Back Pain in Pregnancy

ExitCare ImageBack pain during pregnancy is common. It happens in about half of all pregnancies. It is important for you and your baby that you remain active during your pregnancy. If you feel that back pain is not allowing you to remain active or sleep well, it is time to see your caregiver. Back pain may be caused by several factors related to changes during your pregnancy. Fortunately, unless you had trouble with your back before your pregnancy, the pain is likely to get better after you deliver.

Low back pain usually occurs between the fifth and seventh months of pregnancy. It can, however, happen in the first couple months. Factors that increase the risk of back problems include:

  • Previous back problems.

  • Injury to your back.

  • Having twins or multiple births.

  • A chronic cough.

  • Stress.

  • Job-related repetitive motions.

  • Muscle or spinal disease in the back.

  • Family history of back problems, ruptured (herniated) discs, or osteoporosis.

  • Depression, anxiety, and panic attacks.


  • When you are pregnant, your body produces a hormone called relaxin. This hormone makes the ligaments connecting the low back and pubic bones more flexible. This flexibility allows the baby to be delivered more easily. When your ligaments are loose, your muscles need to work harder to support your back. Soreness in your back can come from tired muscles. Soreness can also come from back tissues that are irritated since they are receiving less support.

  • As the baby grows, it puts pressure on the nerves and blood vessels in your pelvis. This can cause back pain.

  • As the baby grows and gets heavier during pregnancy, the uterus pushes the stomach muscles forward and changes your center of gravity. This makes your back muscles work harder to maintain good posture.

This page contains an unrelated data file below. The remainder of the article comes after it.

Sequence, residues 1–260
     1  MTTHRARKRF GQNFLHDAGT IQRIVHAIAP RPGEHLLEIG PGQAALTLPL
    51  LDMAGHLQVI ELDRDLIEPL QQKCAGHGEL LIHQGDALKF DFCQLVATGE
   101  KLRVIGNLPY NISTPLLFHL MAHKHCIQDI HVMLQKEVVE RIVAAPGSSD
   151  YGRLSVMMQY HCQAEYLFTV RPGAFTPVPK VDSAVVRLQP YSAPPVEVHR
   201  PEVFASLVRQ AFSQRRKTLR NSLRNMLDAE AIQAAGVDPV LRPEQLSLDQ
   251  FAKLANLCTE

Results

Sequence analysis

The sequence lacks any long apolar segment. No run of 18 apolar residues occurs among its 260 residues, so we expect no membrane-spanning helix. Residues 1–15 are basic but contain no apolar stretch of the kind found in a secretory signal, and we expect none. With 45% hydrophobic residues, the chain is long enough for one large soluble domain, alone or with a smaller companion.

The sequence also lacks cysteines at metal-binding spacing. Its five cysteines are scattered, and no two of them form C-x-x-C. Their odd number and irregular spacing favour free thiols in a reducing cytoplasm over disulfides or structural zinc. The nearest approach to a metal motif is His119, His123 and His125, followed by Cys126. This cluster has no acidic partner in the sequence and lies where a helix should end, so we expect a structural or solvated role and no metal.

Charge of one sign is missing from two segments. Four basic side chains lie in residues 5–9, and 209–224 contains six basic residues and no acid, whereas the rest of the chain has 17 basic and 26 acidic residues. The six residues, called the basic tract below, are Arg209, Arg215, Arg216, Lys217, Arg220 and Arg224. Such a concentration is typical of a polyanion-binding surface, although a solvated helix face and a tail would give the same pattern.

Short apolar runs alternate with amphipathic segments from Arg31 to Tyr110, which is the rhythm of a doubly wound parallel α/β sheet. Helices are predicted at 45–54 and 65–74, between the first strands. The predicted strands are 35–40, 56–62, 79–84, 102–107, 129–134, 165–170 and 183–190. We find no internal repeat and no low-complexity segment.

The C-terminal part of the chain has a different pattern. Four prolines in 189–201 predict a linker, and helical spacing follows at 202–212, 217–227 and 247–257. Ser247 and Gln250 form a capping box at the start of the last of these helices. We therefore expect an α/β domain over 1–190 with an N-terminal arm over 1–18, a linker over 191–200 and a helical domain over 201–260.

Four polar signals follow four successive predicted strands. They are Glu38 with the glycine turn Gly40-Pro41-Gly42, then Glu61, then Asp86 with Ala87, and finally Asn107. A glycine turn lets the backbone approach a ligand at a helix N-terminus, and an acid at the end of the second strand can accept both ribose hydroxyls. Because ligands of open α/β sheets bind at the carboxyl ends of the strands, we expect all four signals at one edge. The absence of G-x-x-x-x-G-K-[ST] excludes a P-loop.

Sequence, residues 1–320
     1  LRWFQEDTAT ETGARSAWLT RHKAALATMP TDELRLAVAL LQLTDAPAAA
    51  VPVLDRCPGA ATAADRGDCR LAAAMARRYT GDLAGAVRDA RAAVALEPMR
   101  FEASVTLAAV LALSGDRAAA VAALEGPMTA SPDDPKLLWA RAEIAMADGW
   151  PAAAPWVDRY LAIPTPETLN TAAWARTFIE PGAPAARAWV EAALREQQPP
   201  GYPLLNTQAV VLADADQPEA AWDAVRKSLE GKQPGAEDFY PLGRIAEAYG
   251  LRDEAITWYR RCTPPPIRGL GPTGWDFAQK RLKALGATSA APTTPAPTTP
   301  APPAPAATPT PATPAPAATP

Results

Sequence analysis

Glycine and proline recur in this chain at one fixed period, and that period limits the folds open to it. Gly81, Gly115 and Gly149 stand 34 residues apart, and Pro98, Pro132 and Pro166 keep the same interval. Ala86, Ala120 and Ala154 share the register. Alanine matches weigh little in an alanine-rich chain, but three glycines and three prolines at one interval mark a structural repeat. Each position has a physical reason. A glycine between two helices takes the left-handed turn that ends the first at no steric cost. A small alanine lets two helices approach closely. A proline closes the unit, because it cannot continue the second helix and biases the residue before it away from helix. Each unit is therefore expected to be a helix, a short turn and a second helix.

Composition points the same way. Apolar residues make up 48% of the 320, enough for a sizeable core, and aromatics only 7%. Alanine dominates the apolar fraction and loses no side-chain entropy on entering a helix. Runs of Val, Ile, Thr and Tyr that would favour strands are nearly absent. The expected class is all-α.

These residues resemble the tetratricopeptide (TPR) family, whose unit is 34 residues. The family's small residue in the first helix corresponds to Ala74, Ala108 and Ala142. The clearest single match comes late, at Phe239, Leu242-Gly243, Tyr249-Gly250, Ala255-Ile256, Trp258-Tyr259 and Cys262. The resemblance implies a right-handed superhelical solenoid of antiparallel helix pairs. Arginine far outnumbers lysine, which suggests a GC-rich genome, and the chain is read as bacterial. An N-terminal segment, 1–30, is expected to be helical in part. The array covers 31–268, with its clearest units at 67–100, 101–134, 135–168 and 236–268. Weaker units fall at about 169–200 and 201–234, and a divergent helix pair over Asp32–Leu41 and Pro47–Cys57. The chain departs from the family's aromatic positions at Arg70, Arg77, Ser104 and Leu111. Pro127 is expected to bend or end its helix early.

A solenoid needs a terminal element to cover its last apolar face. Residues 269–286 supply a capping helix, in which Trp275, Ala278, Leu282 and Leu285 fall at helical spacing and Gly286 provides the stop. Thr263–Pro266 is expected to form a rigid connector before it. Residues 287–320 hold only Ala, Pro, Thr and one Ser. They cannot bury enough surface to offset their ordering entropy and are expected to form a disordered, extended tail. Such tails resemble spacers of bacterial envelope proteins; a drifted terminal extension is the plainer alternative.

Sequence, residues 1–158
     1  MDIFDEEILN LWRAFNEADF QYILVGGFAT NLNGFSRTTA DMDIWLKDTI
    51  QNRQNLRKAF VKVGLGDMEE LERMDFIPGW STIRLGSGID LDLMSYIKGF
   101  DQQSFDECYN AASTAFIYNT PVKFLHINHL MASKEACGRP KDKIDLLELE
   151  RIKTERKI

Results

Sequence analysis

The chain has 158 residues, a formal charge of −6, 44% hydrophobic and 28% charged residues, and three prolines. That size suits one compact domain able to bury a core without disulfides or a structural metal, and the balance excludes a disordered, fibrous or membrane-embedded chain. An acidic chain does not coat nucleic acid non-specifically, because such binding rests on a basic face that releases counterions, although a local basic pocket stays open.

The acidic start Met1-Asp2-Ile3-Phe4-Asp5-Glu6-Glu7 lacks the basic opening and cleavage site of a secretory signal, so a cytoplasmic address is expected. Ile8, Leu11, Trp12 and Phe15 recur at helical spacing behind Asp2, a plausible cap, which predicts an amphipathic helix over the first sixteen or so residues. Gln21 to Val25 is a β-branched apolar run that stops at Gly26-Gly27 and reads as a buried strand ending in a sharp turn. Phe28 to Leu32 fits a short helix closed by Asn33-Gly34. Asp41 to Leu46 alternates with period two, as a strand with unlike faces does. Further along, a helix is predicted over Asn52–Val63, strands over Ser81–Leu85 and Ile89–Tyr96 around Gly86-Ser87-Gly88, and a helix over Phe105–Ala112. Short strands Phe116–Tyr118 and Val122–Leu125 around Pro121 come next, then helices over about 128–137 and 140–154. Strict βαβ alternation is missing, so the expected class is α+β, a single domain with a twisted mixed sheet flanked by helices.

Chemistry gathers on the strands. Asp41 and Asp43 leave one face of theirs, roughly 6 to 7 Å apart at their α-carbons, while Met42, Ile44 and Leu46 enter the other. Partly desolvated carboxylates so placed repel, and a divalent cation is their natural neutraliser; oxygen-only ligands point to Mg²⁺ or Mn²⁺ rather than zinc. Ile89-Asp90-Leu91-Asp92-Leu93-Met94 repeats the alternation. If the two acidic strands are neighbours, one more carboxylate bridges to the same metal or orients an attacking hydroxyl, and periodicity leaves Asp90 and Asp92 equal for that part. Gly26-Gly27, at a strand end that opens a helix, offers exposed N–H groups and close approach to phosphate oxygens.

Lumbar pain during pregnancy

Lumbar pain during pregnancy usually occurs at or above the waist in the center of the back. There may be pain and numbness that radiates into your leg or foot. This is similar to low back pain experienced by non-pregnant women. It usually increases with sitting for long periods of time, standing, or repetitive lifting. Tenderness may also be present in the muscles along your upper back.

Posterior pelvic pain during pregnancy

Pain in the back of the pelvis is more common than lumbar pain in pregnancy. It is a deep pain felt in your side at the waistline, or across the tailbone (sacrum), or in both places. You may have pain on one or both sides. This pain can also go into the buttocks and backs of the upper thighs. Pubic and groin pain may also be present. The pain does not quickly resolve with rest, and morning stiffness may also be present.

Pelvic pain during pregnancy can be brought on by most activities. A high level of fitness before and during pregnancy may or may not prevent this problem. Labor pain is usually 1 to 2 minutes apart, lasts for about 1 minute, and involves a bearing down feeling or pressure in your pelvis. However, if you are at term with the pregnancy, constant low back pain can be the beginning of early labor, and you should be aware of this.


X-rays of the back should not be done during the first 12 to 14 weeks of the pregnancy and only when absolutely necessary during the rest of the pregnancy. MRIs do not give off radiation and are safe during pregnancy. MRIs also should only be done when absolutely necessary.